From code camps to startup incubators, young professionals are looking outside of traditional education institutions to gain industry experience. Hence, education institutions are challenged more than ever before to bridge the skills gap between the world of industry and the world of academia.
According to Northeastern University’s third Innovation Imperative Poll, 89 percent of colleges and universities agree that they should increase opportunities for programs that focus on entrepreneurship, and 97 percent agree that they should increase opportunities for programs that focus on experiential learning.
One way educational institutions can address these needs is to invest in interior designs that facilitate collaboration (a top industry skill). Designing institutions that ignite creativity will also be important to build future leaders.
Below are some examples of real-life campus designs that inspire collaboration, innovation, and also allow students to step into places with the tools and technology to learn.
1. Amusing Indoor Food Truck at the University of Utah (Salt Lake City, Utah, USA)
Open-spaces and fun installations are not only trends reserved for startups and modern tech companies. Lassonde Studios is a dynamic space that accommodates both student housing and maker spaces for student innovators at the University of Utah. Inspired by an outdoor street food festival and garage, student entrepreneurs can munch on food in this school’s common area while brainstorming a new product under the same roof. The food truck pictured above is classic Americana with whimsy; taking a typical meeting space for students and giving it a carnival spin.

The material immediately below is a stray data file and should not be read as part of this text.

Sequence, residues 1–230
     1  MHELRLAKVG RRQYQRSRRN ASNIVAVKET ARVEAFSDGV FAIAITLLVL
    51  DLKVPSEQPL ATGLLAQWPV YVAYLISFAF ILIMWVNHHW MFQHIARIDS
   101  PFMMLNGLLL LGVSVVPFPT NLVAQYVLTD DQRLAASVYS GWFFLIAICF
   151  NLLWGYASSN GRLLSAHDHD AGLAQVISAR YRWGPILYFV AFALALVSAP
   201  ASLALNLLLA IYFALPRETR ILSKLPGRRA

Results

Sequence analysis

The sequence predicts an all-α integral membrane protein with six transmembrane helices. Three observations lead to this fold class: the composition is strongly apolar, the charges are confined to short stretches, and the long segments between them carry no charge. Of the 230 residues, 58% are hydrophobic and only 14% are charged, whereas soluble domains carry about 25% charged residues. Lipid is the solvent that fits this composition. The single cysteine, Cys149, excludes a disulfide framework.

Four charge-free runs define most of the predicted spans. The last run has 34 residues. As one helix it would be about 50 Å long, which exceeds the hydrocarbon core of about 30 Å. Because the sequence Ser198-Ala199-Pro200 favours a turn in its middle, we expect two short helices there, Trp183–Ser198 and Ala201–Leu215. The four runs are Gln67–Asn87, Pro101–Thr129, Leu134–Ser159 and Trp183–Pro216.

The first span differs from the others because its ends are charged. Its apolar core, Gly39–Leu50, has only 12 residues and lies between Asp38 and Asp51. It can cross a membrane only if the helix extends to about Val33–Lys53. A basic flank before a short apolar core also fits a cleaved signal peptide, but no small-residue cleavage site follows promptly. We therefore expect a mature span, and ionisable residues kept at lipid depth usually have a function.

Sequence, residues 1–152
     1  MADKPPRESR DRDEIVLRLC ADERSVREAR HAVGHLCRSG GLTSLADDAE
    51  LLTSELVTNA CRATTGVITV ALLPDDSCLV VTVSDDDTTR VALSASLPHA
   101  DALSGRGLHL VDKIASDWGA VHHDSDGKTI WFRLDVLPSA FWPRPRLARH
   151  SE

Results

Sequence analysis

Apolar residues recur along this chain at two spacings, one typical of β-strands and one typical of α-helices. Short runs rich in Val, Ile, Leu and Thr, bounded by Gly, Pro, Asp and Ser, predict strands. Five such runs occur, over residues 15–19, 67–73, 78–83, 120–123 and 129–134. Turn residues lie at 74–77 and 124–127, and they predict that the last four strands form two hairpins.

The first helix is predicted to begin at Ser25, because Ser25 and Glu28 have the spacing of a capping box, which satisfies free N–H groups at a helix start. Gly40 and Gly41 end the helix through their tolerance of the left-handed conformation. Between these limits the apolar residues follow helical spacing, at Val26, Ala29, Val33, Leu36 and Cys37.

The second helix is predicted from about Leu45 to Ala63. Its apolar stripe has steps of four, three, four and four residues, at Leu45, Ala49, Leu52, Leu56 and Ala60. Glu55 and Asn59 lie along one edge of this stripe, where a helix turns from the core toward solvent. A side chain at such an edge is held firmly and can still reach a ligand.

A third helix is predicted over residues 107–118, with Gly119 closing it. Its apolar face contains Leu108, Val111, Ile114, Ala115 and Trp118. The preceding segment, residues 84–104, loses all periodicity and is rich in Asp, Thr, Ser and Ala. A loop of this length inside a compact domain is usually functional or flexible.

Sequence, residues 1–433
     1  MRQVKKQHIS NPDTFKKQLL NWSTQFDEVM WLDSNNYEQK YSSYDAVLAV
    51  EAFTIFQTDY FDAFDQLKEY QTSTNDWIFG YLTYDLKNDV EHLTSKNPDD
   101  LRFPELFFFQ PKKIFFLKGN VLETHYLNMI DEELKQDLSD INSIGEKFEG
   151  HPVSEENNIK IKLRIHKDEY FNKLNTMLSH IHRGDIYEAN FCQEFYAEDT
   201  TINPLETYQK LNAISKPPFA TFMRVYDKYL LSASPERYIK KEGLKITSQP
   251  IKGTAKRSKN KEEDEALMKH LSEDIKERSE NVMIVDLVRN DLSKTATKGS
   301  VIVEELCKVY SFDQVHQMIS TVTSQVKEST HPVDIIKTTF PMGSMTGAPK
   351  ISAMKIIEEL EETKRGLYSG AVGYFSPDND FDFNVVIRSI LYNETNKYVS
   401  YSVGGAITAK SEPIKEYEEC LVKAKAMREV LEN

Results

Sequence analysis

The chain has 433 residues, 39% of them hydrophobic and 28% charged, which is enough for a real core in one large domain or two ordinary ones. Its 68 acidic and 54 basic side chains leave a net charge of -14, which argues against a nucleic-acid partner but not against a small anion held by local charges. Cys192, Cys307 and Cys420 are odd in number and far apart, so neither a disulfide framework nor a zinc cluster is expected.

These whimsical and creative designs are also reminiscent of major tech company campuses. For instance, Google’s East Coast headquarters also has an indoor food truck, reflecting the company’s overarching philosophy to “create the happiest, most productive workplace in the world.”
Designer: EDA Architects
2. Modern Break Out Area at Cingel College (Breda, Netherlands)
Located in the Netherlands, Cingel College is a cooking school featuring a modern break out area where students can relax, get some studying done and chat with peers.